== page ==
Item description for Dietrich Bonhoeffer: An Introduction to His Thought by Sabine Dramm & Thomas Rice...
Overview Dietrich Bonhoeffer's thinking is as pertinent to the 21st century postmodern church as it was to the German church under Nazi seige and the world wide church in the half century following his death. Dramm, a great admirer and student of this brave pastor, provides a solid explanation of Bonhoeffer's major theological positions. Quotes from Bonhoeffer's works are central to Dramm's book, and his clear and graphic prose appears throughout. This is a thoughtful and intelligent work focused on a theology which was, above all things, practical. Dramm explores Bonhoeffer's thoughts on a number of subjects (roughly in about 10 categories in 24 chapters), including: * His understanding of his call to ministry * The nature of God * Ecclesiology (especially his insterest in the church as community) * The nature of humanity * His views on the Jews * Discipleship, ethics, and what the world would be like without God. What makes Bonhoeffer so interesting is that he was both complex and teachable, so that as the circumstances of life peeled away his social conventions to reveal what was truly important to him (his faith in God), his writings change and mature-and this over the space of only 25 or so years because of his execution by the Nazis for being in a plot to kill Hitler. Here is a German raised in the upper middle class who is a patriot, but who by reflection on what it means to be a Christian becomes a pacifist as his country becomes increasingly militant, and who goes on to be a spy and traitor. He is a pacifist who ends up in the center of a plot to kill his country's leader and who faces (and writes about) his thoughts as he himself draws ever more closely to his criminal (in the eyes of the Nazis) end. It is obviously a fascinating exploration of the development of his thought in some ways and a revelation of the rock solid core of his convictions on the other.
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Studio: Hendrickson Publishers
Est. Packaging Dimensions: Length: 8.42" Width: 5.54" Height: 0.74" Weight: 0.76 lbs.
Release Date Feb 28, 2007
Publisher Hendrickson Publishers
ISBN 1565637623 ISBN13 9781565637627
Availability 0 units.
More About Sabine Dramm & Thomas Rice
Dr. Sabine Dramm holds a doctorate in education science from Bonn University. She has studied evangelical theology and social science as well as philosophy and education. She is the author of Dietrich Bonhoeffer and the Resistance, and other books and articles. She lives in Provence, France.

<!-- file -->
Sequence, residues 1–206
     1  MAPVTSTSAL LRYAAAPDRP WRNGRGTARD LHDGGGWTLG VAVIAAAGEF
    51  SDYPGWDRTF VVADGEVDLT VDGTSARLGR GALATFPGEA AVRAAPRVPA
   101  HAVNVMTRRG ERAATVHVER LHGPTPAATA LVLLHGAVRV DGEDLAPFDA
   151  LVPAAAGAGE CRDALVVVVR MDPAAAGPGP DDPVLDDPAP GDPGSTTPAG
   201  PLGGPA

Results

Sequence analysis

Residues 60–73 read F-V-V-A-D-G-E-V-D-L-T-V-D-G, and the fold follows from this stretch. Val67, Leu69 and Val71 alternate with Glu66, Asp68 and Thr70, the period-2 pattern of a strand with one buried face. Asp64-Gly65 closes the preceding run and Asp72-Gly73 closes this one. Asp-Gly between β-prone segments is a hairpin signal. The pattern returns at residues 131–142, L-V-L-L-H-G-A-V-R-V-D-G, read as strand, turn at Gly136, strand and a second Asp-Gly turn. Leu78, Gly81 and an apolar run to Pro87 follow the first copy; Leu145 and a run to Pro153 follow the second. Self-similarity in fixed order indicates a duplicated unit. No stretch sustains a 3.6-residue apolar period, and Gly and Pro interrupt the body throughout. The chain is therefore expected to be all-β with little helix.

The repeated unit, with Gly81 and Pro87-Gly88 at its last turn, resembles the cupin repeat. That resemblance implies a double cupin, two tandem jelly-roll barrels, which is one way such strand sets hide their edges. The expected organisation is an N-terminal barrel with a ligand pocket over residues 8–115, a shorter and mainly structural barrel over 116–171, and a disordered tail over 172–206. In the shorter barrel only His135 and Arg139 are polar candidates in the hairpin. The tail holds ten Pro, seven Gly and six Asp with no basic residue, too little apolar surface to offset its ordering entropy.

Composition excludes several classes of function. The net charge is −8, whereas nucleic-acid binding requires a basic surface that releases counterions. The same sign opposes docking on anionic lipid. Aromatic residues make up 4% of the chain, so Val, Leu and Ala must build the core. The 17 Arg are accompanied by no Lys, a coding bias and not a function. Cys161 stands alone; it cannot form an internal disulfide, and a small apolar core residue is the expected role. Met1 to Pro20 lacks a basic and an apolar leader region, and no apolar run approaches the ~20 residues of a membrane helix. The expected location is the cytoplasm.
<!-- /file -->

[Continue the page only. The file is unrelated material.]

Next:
Reviews - What do customers think about Dietrich Bonhoeffer: An Introduction to His Thought?
A Good Place to Start in Studying Bonhoeffer Nov 18, 2009
This is a good introduction to Bonhoeffer's thought. One of its strengths is that it contains sufficient biographical information for the reader to understand at which stage in Bonhoeffer's life he was developing the various concepts analyzed in the book. This allows the reader to consider the ways in which the circumstances of Bonhoeffer's life effected (or not) his work. For the most part, the book provides the amount of analysis one would expect from such an "introduction," although the analysis of some topics (for example, the idea of the "world come of age", etc.) could have been deeper due to their complexity. On the whole, though, I felt that I got a good dose of the major themes in Bonhoeffer's thought, and I certainly felt motivated to dive into the works on Bonhoeffer.
Two weaknesses in this book cause me to give it four stars instead of five. First, the writing and editing could have been better. Granted, this book is explicitly meant to be accessible for readers of all walks (as Dramm states in the preface); and some of the problem might be attributed to the fact that this book was originally written in German. However, the book at times has a tone of informality that is distracting. And enough with the use of the phrase "in the deepest meaning of the word." The second weakness is Dramm's advocacy on Bonhoeffer's behalf. To Dramm's credit, she admits in the preface that she is "on Bonhoeffer's side," so to speak. Still, the book would have benefited from a more detached approach. Indeed, the entire final chapter, which reads like a gushing rallying cry to never forget, etc., etc., could have been left out. I don't remember Dramm's exact words, but she said something like Protestant theological developments after World War Two would not have been possible without Bonhoeffer. Now, I have much affinity for Bonhoeffer; but that's over-stating it a little bit.
If you want to learn about Bonhoeffer's thought, this is a great place to start. Every one of his works is discussed and outlined. Although the book would have been better if it had gone through another round of editing, I nevertheless recommend it.